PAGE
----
Selma Blair in ‘Hellboy II’: Finally, a Superwoman in a Superhero Movie!

Photo: Courtesy of Universal

Liz is no overly weepy, stiletto-wearing damsel in distress. She is a confident, powerful member of the B.P.R.D., skillful and powerful with her pyrotechnics — as well as with a gun. She's not even a sidekick. As Ron Perlman noted in our recent interview, Liz gets equal screen time with the film's other heroes — and she gets equal stake in the action, too. What's more, endangerment is never an issue for Liz. In fact, Hellboy II turns the superhero rescue convention on its head by putting the title character's life in imminent danger, with Liz leading the charge to save him.

Liz is no overly weepy, stiletto-wearing damsel in distress. She is a confident, powerful member of the B.P.R.D., skillful and powerful with her pyrotechnics — as well as with a gun. She's not even a sidekick. As Ron Perlman noted in our recent interview, Liz gets equal screen time with the film's other heroes — and she gets equal stake in the action, too. What's more, endangerment is never an issue for Liz. In fact, Hellboy II turns the superhero rescue convention on its head by putting the title character's life in imminent danger, with Liz leading the charge to save him.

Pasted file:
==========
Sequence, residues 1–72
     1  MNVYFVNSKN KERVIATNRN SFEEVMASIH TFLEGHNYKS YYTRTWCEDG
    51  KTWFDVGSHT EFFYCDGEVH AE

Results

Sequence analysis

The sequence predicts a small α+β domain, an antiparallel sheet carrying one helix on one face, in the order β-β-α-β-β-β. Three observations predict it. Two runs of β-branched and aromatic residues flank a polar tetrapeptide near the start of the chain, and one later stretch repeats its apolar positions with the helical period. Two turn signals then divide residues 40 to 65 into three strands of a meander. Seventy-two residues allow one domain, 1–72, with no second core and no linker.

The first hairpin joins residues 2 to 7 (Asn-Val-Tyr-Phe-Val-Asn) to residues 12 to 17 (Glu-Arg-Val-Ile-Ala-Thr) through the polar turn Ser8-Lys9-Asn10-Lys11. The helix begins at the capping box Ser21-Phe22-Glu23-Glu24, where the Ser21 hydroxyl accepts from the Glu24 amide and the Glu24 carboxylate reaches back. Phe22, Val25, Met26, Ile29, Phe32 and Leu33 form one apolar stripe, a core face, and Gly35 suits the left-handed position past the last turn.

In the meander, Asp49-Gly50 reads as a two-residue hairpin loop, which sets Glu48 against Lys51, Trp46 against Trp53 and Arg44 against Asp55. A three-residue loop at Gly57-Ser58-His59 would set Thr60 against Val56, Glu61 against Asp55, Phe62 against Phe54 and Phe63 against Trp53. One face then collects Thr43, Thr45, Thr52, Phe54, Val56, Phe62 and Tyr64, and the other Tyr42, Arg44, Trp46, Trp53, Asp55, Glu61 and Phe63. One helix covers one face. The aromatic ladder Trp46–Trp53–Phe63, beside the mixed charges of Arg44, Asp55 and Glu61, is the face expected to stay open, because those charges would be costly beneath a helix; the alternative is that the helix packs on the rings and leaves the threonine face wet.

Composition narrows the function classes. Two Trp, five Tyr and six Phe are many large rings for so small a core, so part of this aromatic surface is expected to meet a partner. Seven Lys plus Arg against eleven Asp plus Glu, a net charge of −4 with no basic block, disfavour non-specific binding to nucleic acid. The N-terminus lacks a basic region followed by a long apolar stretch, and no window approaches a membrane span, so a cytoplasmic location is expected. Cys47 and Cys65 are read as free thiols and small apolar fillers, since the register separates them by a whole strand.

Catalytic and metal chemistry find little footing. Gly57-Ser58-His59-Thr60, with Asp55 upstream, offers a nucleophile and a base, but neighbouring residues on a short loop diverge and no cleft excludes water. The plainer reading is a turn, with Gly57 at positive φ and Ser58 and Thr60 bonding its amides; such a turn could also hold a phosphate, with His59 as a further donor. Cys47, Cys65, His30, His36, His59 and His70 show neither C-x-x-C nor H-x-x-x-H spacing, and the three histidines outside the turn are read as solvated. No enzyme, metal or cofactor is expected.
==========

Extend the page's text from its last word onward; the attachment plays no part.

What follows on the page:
Best of all, though, is that for all of this equal treatment, Liz is definitely not just another one of the guys.

Warning: Major spoilers ahead.

Liz is, in fact, quite the woman, and must contend with that fact right from the film's beginning, when — just before she unleashes a colossal inferno that toasts a nasty pack of flesh-chomping critters — she learns she's pregnant. But this is no delicate condition for Liz. She is, after all, carrying demon-spawn. One of the biggest challenges to coming to terms with her pregnancy is how it complicates already thorny domestic issues with her often exasperating Hellboyfriend. She contemplates, but she does not brood — after all, she has a lover and a world to save. Pregnancy is just one of the issues she faces, and it doesn't threaten to overwhelm or engulf her identity.

This is perhaps the true breakthrough of Liz Sherman in Guillermo del Toro's film: She does not provide a convenient moral conscience, an emotional life, or some kind of feminine balance for a titular superhero. She is a complete, three-dimensional, independent female character. In any big-budget Hollywood movie, this would be accomplishment; in a summer superhero blockbuster and the No. 1 movie of the weekend, it's a miracle. —Tammy Oler

Earlier: Where Are the Roles for Superwomen?